Dipti Khatri, UPES Dehradoon
Editor’s Note: This project essentially seeks to analyze the criminal procedure in India with a brief analysis of case laws.
In medieval India, after the Muslim conquest, the ‘Mohammedan criminal law’ came into prevalence. Subsequent to this, The British passed the ‘Regulating Act of 1773’ which led to the establishment of Supreme courts in three presidency towns of Calcutta, Bombay, and Madras. The effect of the statute was to apply British procedural law while deciding upon the cases of Crown’s subjects. After 1857 Revolt, the crown took over the Indian administration. The British parliament passed the Criminal Procedure Code, 1861 which continued till the post-Independence era and was amended in 1969. It was finally replaced in 1972.
The Code of Criminal Procedure Code, 1973 [i] (Act No. 2 of 1974[ii]) is the main legislation on the procedure for administration on substantive criminal law in India[iii] which provides the machinery for the investigation of crime, apprehension of suspected criminals, collection of evidence, determination of guilt or innocence of the accused person and the determination of punishment of the guilty. Additionally, it also deals with public nuisance, prevention of offenses and maintenance of wife and children. The Act consists of 484 sections, which are further divided into 38 chapters, 2 schedules, and 56 forms.
- Territorial extent, scope, and applicability of this act: It is applicable to the whole of India except the state of Jammu and Kashmir as the parliament’s power to legislate in respect of the said state is curtailed by Article 370 of Constitution of India. Provided that the provisions of this code, other than those relating to chapters VIII, X and XI thereof, shall not apply:
- To the state of Nagaland
- To the tribal areas in Assam
But the concerned State Government may, by notification, apply such provisions or any of them to the whole or part of the state of Nagaland or such tribal areas, as the case may be specified in the notification.[iv]
Functionaries under the code:
include the Magistrates and Judges of the Supreme Court and High Court, Police, Public Prosecutors, Defence Counsels Correctional services personnel.
Functions, Duties, and Powers of these Machineries:
The code does not mention anything about the constitution of police. It assumes the existence of police and devolves various powers and responsibilities on to it. The police force is an instrument for the prevention and detection of crime.[v]
The administration of police in a district is done by DSP(District Superintendent of Police) under the direction and control of District Magistrate.[vi]Every police officer appointed to the police force other than the Inspector-General of Police and the District superintendent of police receives a certificate in the prescribed form by the virtue of which he is vested with the powers, functions, and privileges of a police officer which shall cease to be effective and shall be returned forthwith when the police officer ceases to be a police officer.[vii]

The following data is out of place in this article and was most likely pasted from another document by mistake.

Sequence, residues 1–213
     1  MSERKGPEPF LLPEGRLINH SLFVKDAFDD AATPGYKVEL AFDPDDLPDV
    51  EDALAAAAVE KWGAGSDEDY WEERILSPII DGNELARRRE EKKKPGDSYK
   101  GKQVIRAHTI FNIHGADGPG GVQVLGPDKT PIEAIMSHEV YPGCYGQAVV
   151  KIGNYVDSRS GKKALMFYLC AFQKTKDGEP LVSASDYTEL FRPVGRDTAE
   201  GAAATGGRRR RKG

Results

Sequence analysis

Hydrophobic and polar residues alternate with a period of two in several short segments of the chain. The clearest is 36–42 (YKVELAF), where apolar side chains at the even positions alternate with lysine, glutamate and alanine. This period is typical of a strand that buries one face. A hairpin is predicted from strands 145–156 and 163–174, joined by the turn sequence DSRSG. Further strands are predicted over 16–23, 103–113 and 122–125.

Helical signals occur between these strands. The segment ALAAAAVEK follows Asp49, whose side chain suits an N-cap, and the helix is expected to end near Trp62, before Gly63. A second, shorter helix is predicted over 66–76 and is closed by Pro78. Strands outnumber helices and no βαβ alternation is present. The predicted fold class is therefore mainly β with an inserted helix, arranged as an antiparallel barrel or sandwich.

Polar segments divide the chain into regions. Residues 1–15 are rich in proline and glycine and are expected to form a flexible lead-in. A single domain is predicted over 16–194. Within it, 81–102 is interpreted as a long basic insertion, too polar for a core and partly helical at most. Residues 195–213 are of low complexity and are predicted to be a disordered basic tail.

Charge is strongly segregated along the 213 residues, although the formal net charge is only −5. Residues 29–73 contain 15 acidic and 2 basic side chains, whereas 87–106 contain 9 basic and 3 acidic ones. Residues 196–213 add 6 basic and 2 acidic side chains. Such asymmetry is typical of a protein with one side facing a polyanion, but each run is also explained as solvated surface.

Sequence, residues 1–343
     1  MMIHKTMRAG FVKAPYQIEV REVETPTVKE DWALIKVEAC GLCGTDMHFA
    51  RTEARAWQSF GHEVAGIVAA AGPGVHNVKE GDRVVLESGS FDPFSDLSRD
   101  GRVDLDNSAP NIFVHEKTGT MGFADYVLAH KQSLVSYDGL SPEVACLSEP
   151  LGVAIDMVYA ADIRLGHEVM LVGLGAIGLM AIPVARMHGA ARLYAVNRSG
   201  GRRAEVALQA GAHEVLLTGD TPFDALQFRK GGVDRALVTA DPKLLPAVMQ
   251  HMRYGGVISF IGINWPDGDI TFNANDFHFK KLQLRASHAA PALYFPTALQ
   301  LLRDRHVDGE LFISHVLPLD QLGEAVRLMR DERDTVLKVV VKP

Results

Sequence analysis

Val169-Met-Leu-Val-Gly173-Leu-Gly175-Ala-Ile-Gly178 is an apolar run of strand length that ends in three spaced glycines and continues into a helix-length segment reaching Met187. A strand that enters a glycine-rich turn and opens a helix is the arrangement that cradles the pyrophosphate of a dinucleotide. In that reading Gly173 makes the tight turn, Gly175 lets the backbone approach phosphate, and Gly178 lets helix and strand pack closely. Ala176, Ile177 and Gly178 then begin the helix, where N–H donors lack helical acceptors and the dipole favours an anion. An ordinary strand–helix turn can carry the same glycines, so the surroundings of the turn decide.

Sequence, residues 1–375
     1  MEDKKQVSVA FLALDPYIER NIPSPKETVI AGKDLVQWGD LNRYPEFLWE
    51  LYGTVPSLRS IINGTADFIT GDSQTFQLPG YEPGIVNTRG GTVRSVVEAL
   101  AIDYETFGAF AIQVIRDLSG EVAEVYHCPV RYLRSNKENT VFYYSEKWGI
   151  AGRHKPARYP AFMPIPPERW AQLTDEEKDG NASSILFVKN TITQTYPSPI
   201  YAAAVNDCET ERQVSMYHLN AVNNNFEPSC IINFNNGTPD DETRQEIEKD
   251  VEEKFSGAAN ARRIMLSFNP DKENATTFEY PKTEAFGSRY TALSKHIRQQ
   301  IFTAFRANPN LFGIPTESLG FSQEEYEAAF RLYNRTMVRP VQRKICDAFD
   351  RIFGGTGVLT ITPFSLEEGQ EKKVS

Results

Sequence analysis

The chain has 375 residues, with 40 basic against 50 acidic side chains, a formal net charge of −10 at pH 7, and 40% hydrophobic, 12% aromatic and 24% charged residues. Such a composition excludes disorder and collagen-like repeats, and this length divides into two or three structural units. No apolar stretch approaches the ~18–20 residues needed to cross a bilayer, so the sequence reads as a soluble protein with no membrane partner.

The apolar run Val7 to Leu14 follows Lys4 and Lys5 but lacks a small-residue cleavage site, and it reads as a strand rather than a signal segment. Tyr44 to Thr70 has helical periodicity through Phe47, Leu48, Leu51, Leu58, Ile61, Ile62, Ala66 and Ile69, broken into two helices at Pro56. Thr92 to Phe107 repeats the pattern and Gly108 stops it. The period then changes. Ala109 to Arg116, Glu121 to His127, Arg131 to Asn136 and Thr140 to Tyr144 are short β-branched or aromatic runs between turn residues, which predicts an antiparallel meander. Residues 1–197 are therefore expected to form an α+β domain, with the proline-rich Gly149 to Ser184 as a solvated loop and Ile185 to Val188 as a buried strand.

The CrPC confers specific powers such as the power to make an arrest, search and investigate on the members of the police force who are enrolled as police officers. Wider powers have been given to police officers who are in charge of a police station. As per section 36 of CrPC which reads as “ the police officers superior in charge of a police station may exercise the powers of such officials.”[viii]
If the crime is of cognizable in nature, the state participates in a criminal trial as a party against the accused. Public Prosecutor or Assistant Public Prosecutor is the state counsel for such trials. Its main duty is to conduct Prosecutions on behalf of the state. The Public Prosecutor cannot appear on behalf of the accused.[ix] According to the prevailing practice, in respect of cases initiated on police reports, the prosecution is conducted by the Assistant Public Prosecutor and in cases initiated on a private complaint; the prosecution is either conducted by the complainant himself or by his duly authorized counsel.
c) Defense Counsel:
According to section 303, any person accused of an offense before a criminal court has a right to be defended by a pleader of his choice. Such pleaders are not in regular employment of the state and a paid remuneration by the accused person. Since a qualified legal practitioner on behalf of the accused is essential for ensuring a fair trial, section 304 provides that if the accused does not have means to hire a pleader, the court shall assign a pleader for him at state’s expense. At present, there are several schemes through which an indigent accused can get free legal aid such as Legal Aid Scheme of State, Bar Association, Legal Aid and Service Board and Supreme Court Senior Advocates Free Legal Aid society. The Legal Services Authorities Act, 1987 also provides free legal aid for the needy.
d) Prison authorities and Correctional Services Personnel:
The court presumes the existence of Prisons and the Prison authorities. It empowers Magistrates and judges under certain circumstances to order the detention of under-trial prisoners in jail during the pendency of the proceedings. It also empowers the courts to impose sentences of imprisonment on convicted persons and to send them to prison authorities. However, the code does not make specific provisions for creation, working, and control of such machinery. These matters are dealt with in separate acts such as The Prisons Act 1894, The Prisoners Act 1900 and The Probation of Offenders Act 1958.
2. The rationale of criminal procedure:
a) Importance of a fair trial:
One of the primary goals of criminal law is to protect society by punishing offenders. However, justice and fair play require that no one is punished without a fair trial. A person might be under a thick cloud of suspicion of guilt, he might have been caught red-handed, and yet he is not to be punished unless and until he is tried and adjudged to be guilty by a competent court. In the administration of justice, it is of prime importance that justice should not only be done but must also appear to have been done. Further, it is one of the most important principles of criminal law that everyone is presumed to be innocent unless his guilt is proved beyond reasonable doubt in a trial before an impartial and competent court.Therefore it becomes absolutely necessary that every person accused of a crime is brought before the court for trial and that all the evidence appearing against him is made available to the court for deciding as to his guilt or innocence.[x]